We need Star Trek right now. Badly.

The America of Stardate 2016 is fractured. Paranoid. Raging. We’re locked into a presidential election that rejects hope and embraces fear. The vast majority of us plan to vote against a particular candidate instead of being inspired by one. Our country is beset by problems and, when we should be coming together, we seem to be moving further apart.

1966 was a year not dissimilar to 2016. We were trapped in a seemingly endless war against a foe we barely understood. Public trust in institutions was eroding. But in Los Angeles, an ex-cop and television producer named Gene Roddenberry created a Western set in space. He had worked on his concept, a re-working of the old show Wagon Train with a science fiction spin, for two years. On September 8, 1966, the first episode entitled The Man Trap aired on television.

Fifty years later, there’s no doubt that Star Trek is an institution. It spawned numerous series, multiple books, countless merchandise, and a film series with several solid entries and one perfect installment.* It embodied our highest virtues. Exploration. Curiosity. Most importantly, optimism. The newest entry in the franchise, Star Trek Beyond, may lack some of the stately grandeur of OG Trek, but it’s got optimism in spades.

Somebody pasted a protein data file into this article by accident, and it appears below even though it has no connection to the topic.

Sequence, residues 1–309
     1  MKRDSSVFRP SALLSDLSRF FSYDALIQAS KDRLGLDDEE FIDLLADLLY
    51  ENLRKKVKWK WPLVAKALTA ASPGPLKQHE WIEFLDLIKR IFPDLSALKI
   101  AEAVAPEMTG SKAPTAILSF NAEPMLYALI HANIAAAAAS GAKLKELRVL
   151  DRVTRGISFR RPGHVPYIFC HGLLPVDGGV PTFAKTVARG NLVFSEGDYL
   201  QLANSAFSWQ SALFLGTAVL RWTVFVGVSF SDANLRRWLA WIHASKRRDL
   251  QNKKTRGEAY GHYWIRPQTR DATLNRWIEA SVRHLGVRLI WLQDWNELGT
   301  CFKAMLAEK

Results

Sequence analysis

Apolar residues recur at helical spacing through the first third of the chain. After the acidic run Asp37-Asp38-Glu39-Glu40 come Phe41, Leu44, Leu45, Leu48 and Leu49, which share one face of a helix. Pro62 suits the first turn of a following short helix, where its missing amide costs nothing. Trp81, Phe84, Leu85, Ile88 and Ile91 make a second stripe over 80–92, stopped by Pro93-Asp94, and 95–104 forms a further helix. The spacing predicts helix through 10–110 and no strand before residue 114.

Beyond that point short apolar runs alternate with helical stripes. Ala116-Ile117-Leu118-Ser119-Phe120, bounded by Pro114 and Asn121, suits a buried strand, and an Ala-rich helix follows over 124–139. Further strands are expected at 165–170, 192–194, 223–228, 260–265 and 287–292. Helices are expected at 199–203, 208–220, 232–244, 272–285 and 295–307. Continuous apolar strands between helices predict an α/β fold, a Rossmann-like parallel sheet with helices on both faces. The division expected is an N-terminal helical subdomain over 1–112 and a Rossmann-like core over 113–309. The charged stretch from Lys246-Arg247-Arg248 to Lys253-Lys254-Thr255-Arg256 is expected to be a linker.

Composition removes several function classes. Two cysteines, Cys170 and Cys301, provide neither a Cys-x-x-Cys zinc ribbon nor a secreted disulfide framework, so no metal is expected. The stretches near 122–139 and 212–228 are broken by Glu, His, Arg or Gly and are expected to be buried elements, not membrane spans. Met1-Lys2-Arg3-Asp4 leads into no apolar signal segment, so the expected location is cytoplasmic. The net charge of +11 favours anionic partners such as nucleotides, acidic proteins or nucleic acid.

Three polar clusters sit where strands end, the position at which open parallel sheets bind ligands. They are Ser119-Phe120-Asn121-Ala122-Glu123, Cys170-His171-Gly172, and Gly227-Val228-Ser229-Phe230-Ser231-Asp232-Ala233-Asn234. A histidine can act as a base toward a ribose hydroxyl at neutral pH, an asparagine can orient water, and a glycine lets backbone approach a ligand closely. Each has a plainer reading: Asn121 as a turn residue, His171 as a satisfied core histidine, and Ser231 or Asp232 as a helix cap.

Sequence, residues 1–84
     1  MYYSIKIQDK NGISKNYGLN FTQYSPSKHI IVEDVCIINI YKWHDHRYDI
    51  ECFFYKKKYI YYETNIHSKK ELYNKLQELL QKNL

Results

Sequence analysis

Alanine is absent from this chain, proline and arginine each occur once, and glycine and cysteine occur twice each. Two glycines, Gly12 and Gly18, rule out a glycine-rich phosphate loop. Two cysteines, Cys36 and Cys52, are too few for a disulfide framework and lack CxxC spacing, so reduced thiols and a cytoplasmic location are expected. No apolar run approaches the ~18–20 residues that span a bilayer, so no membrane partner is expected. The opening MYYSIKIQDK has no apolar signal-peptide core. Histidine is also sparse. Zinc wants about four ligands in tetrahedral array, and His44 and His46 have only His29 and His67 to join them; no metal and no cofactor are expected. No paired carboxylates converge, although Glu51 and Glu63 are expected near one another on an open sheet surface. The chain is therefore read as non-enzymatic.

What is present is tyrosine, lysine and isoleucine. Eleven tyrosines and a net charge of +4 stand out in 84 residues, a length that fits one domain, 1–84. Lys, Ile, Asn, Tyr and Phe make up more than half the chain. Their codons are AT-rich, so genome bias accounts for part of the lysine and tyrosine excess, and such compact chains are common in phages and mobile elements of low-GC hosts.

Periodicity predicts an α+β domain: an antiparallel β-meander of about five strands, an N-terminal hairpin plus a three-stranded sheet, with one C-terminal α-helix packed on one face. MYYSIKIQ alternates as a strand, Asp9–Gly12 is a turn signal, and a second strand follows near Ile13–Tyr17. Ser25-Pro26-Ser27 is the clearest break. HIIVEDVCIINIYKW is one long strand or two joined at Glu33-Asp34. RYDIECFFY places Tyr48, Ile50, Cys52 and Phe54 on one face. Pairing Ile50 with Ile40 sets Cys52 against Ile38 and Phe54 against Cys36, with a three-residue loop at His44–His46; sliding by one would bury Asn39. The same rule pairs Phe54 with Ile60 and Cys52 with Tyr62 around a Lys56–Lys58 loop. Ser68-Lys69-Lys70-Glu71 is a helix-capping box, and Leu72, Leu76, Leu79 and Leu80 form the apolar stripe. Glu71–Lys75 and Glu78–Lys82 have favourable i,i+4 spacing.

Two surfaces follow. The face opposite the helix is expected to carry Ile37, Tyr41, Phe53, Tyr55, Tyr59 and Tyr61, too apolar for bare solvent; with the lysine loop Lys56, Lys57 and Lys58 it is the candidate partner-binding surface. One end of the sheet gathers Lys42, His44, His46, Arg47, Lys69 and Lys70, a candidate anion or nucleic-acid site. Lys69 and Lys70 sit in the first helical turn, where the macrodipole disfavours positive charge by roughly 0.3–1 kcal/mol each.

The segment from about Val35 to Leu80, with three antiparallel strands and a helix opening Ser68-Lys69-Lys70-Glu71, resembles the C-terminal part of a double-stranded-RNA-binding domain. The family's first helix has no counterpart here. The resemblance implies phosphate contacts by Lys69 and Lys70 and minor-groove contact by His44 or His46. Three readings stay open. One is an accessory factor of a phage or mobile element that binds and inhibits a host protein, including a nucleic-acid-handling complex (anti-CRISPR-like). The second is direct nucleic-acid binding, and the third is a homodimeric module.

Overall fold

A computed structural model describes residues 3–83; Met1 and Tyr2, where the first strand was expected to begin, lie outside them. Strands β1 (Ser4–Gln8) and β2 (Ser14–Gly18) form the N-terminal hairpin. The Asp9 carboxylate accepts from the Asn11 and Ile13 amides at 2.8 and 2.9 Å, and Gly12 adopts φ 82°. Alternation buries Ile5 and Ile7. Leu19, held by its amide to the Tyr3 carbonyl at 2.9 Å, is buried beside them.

Two and a half years into his five-year mission to seek out new life and new civilizations, Captain James T. Kirk (Chris Pine) is bored to tears. He must have thought, as the captain of the starship Enterprise, it would be non-stop ass-kicking. Not so much, as Starfleet has tasked him to perform diplomatic missions. Mixed in with the boredom is wistful regret. He’s just had a birthday, and he’s now older than his father was when he died. His friend McCoy (Karl Urban) tries to distract him. He needs a distraction, and he gets one.

The crew of the Enterprise is assigned to take on a rescue mission in a remote nebula. They’re attacked by a monstrous swarm of alien ships. and they crash land upon a mysterious planet. The warlord Kraal (Idris Elba, hidden under pounds of makeup) is behind the attack, and he sends his forces to round up the survivors. But a few crew members are still out there, scattered across the planet’s surface.